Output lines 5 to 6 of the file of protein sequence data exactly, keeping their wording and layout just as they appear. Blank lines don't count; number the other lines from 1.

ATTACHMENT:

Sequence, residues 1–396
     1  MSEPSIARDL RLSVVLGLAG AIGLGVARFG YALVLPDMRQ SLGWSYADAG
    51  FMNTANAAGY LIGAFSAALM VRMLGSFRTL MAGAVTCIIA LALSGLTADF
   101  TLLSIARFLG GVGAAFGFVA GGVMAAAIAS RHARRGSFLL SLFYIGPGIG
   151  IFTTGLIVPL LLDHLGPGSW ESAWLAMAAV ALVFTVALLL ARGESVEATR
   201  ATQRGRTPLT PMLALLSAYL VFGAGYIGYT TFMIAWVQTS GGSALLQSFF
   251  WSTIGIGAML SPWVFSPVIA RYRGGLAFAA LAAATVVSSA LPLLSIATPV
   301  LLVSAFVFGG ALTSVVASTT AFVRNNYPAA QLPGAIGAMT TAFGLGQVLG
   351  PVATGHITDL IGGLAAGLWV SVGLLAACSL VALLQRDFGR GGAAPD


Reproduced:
   151  IFTTGLIVPL LLDHLGPGSW ESAWLAMAAV ALVFTVALLL ARGESVEATR
   201  ATQRGRTPLT PMLALLSAYL VFGAGYIGYT TFMIAWVQTS GGSALLQSFF